And Jesus answered and said to them, "Truly I say to you, if you have faith and do not doubt, you will not only do what was done to the fig tree, but even if you say to this mountain, 'Be taken up and cast into the sea,' it will happen. "And all things you ask in prayer, believing, you will receive." (Matt 21:22)
Ask, and it will be given to you seek, and you will find; knock, and it will be opened to you. (Matt 7:7)
Therefore I tell you, whatever you ask in prayer, believe that you have received it, and it will be yours (Mark 11:24 )
Whatever you ask in my name, this I will do, that the Father may be glorified in the Son. If you ask me anything in my name, I will do it (John 14:13-14)
Something interesting has happened to my prayer life over the past decades. Through the years, I find myself increasingly bolder and much more persistent and specific. I think many Christians are frustrated in their prayer life because their prayers are not definite, consisting primarily of things like prayers for world peace and general blessings upon others. There is little clarity, faith, persistence or power in their prayer.
I increasingly find myself before the throne of grace with very precise requests and for increasingly the "smaller" things in life. But I have also become much bolder in faithfully seeking the bigger and more significant things. As my faith matures, my prayers become more specific and persistent.
I have not bought into the heresies of the "name-it-and-claim-it" or the Word-Faith movement. Rather, as I draw closer to Christ, I become far more aware and appreciative of His love, mercy, grace and omnipotent power. Most important of all, I become more and more cognizant of His perfect will. But here's the astonishing kicker - being aware of God's perfect will does not eliminate my freedom to ask according to my desires and choices. As I noted earlier here, I think William Lane Craig correctly argues that our free choices neither negate nor conflict with Divine Omniscience.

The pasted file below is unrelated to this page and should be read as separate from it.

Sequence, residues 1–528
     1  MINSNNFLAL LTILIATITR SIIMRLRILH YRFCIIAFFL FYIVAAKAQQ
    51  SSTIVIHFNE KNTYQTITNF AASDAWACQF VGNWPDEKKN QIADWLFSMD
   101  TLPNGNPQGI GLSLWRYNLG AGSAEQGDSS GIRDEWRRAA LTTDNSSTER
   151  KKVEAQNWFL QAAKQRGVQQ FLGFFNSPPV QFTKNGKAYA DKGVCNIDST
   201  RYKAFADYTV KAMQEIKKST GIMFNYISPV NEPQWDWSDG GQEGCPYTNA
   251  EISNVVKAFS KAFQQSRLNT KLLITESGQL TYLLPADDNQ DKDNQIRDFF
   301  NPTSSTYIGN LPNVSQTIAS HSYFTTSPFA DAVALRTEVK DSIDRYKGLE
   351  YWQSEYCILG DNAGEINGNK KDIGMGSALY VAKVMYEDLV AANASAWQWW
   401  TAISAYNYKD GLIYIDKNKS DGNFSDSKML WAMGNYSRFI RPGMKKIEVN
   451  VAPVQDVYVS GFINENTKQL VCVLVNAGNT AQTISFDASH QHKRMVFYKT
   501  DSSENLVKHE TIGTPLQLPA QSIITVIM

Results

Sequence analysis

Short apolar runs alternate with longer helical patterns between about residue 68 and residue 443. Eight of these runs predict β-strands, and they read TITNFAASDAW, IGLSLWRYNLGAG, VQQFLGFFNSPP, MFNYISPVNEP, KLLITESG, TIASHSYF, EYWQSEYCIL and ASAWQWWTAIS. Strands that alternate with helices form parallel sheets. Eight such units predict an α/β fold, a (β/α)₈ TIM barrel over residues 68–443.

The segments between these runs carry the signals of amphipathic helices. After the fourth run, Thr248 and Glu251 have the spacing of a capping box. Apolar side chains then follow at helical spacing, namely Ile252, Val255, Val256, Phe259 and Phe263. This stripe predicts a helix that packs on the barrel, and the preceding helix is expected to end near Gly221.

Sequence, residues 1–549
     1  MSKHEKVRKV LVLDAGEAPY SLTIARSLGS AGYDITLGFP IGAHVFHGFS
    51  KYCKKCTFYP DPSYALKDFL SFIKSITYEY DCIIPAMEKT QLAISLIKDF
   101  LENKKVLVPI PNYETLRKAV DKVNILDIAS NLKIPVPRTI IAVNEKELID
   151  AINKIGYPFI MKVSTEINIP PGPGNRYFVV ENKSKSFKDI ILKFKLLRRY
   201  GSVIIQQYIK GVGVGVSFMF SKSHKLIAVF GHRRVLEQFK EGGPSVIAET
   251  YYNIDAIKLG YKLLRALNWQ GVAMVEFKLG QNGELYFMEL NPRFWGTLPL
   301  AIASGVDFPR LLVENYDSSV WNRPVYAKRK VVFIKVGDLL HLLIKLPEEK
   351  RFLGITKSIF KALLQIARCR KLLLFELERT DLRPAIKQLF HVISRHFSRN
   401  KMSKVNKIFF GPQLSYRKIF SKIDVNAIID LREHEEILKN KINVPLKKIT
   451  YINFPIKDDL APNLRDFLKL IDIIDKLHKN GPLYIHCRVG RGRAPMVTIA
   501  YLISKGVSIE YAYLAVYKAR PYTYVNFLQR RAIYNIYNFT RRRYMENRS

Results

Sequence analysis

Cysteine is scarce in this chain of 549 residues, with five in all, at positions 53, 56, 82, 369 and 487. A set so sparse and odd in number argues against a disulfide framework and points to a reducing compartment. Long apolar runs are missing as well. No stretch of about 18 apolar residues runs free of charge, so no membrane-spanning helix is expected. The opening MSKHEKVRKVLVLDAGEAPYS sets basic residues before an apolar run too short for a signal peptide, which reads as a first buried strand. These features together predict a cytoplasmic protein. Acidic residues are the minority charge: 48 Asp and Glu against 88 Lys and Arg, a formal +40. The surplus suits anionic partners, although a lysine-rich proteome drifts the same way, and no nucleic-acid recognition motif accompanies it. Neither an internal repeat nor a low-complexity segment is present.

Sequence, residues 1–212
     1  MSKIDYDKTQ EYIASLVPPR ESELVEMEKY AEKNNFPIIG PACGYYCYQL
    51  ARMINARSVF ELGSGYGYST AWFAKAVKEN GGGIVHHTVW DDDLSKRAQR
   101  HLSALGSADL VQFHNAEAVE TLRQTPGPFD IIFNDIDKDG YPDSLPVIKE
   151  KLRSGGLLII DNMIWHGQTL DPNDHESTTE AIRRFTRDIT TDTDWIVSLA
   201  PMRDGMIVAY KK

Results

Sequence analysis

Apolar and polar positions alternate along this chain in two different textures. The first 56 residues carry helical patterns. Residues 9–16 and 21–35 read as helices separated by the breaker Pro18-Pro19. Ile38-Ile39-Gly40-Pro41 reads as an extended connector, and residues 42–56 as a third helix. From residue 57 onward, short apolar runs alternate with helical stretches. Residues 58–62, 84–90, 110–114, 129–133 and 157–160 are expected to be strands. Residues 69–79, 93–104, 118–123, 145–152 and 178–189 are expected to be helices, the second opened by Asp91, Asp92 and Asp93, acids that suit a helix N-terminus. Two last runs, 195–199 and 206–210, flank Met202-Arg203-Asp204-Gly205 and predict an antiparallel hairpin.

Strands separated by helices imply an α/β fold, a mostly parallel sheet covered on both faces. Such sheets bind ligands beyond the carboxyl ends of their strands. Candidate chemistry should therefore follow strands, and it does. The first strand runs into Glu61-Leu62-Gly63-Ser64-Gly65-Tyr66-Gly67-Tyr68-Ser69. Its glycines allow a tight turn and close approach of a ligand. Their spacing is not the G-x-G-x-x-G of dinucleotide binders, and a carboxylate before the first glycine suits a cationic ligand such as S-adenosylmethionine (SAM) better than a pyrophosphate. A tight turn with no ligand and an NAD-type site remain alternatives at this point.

Why might Jesus desire our prayer be specific? The Psalms Project offers three reasons ...
- Relationship. God wants us to be honest with Him, to share the desires of our heart. God knows what we truly desire – why hide our requests from Him behind vague, wimpy language? Who are we fooling?
- Understanding of our desires. Specifying our desires before God helps us to realize what it is we truly desire. It forces us to actually think about our desires and confess those desires before Him. It reveals the desires that are righteous and those that are unrighteous. It helps us understand ourselves and evaluate our hearts before Him. It also helps us to “pray bigger” than we normally would. Instead of settling for the same old vague requests that never bring much direction or closure, God encourages us to look deeply into our hearts and express our innermost desires. What do we really want to see happen in our lives? In our schools? In our home? What do we really want God to do? Are you praying like God can do “exceedingly more than we ask or think,” or like God can do very little? Are you praying a specific, godly desire and expecting to see it?
- Knowledge of an answer. How will we ever know a prayer is answered unless we ask for something specific? Knowing a prayer has been answered clearly builds up our faith, builds relationship with God, and encourages us to pray more boldly and specifically in the future. Vague prayers don’t build up much anticipation. Vague prayers don’t cause us to wait expectantly for an answer from God. Specific prayer does. Again, this concept goes back to relationship. When we pray with specificity, there is transparency and clarity between us and God.
Wayne Grudem offers this perspective on prayer in his book Systematic Theology: